In order to validate security requirements with security tests, security requirements need to be function driven and they need to highlight the expected functionality (the what) and implicitly the implementation (the how). Examples of high-level security design requirements for authentication can be:

  • Protect user credentials and shared secrets in transit and in storage
  • Mask any confidential data in display (e.g., passwords, accounts)
  • Lock the user account after a certain number of failed log in attempts
  • Do not show specific validation errors to the user as a result of a failed log on
  • Only allow passwords that are alphanumeric, include special characters and six characters minimum length, to limit the attack surface
  • Allow for password change functionality only to authenticated users by validating the old password, the new password, and the user answer to the challenge question, to prevent brute forcing of a password via password change.
  • The password reset form should validate the user’s username and the user’s registered email before sending the temporary password to the user via email. The temporary password issued should be a one time password. A link to the password reset web page will be sent to the user. The password reset web page should validate the user temporary password, the new password, as well as the user answer to the challenge question.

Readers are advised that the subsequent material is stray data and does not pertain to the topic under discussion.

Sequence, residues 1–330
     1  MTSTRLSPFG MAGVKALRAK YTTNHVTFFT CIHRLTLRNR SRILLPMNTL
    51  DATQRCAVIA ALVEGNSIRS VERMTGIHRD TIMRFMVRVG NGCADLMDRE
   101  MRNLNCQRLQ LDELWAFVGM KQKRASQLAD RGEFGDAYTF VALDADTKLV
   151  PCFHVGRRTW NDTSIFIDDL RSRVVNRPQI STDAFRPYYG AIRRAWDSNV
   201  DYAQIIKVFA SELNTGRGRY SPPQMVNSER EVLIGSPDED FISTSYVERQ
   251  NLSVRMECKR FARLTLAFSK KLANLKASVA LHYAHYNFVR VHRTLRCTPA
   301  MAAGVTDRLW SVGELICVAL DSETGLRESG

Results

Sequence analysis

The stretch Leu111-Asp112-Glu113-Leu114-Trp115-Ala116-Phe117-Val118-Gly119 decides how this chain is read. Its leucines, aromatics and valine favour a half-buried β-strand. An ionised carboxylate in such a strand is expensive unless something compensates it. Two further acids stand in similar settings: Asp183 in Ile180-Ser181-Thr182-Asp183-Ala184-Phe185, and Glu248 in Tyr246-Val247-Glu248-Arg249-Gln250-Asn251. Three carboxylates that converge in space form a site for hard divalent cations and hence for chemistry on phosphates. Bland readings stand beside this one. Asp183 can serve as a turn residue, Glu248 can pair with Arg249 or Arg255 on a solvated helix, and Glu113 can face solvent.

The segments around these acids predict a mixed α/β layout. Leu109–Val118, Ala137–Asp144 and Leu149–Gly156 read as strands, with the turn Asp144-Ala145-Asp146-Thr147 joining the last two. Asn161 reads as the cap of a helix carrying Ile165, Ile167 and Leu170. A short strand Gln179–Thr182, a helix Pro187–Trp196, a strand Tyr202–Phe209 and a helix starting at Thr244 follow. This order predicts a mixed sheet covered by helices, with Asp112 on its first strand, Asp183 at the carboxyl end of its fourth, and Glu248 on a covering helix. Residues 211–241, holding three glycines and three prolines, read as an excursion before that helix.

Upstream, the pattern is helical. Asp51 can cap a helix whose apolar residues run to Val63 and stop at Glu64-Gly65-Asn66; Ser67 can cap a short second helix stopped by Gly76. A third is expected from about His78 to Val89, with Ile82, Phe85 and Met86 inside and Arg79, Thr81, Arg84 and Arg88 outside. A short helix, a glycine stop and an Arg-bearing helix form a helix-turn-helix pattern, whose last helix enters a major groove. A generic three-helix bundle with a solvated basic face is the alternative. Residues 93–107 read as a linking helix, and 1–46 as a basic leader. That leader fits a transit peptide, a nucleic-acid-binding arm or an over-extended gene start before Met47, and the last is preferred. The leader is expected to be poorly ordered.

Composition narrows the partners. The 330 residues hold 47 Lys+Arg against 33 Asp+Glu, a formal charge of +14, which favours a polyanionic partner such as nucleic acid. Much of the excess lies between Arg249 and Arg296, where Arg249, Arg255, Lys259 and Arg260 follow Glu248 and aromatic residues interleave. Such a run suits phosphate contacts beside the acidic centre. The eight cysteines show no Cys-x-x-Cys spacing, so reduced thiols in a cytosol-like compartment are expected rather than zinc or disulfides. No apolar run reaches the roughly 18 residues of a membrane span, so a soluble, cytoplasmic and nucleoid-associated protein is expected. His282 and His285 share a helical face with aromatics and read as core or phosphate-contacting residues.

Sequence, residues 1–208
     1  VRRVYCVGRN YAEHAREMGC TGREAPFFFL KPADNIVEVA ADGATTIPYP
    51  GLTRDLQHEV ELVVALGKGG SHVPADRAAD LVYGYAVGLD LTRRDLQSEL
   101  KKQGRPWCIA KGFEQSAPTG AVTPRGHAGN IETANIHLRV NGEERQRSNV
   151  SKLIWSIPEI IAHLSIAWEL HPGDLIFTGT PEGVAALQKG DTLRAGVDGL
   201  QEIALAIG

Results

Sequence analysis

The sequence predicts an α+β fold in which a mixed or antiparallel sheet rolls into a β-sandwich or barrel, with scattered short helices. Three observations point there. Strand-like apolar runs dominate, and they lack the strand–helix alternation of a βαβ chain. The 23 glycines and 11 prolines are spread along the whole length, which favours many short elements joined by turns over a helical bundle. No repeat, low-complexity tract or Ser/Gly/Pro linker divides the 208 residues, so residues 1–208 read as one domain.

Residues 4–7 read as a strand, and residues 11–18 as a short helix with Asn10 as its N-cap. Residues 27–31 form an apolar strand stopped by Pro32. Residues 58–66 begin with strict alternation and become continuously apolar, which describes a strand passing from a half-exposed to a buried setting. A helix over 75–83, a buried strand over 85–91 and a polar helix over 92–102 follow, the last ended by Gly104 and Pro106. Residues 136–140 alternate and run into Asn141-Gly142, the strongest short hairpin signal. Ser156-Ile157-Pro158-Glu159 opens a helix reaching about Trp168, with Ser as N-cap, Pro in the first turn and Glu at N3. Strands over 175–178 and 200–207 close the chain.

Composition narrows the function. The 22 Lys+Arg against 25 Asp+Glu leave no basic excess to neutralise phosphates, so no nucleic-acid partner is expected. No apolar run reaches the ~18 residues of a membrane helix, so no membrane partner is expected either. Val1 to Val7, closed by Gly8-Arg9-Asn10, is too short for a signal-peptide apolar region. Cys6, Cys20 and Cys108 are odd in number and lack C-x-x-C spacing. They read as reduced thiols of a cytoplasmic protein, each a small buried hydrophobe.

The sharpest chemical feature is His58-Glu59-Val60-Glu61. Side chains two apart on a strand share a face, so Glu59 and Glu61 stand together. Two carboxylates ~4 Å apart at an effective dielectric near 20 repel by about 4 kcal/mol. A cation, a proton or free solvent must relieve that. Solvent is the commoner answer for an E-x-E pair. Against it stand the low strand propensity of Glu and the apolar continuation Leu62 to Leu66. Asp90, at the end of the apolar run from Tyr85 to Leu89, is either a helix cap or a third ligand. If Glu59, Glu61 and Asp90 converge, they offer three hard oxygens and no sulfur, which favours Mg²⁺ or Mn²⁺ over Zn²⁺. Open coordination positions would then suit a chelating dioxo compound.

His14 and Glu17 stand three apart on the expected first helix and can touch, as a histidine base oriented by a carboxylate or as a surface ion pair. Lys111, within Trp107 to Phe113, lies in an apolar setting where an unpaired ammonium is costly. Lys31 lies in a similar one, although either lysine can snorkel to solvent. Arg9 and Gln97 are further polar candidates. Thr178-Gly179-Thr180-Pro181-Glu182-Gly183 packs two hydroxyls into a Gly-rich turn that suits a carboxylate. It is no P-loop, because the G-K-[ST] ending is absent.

Risk Driven Security Requirements
Security tests need also to be risk driven, that is they need to validate the application for unexpected behavior. These are also called “negative requirements”, since they specify what the application should not do.

Examples of negative requirements are: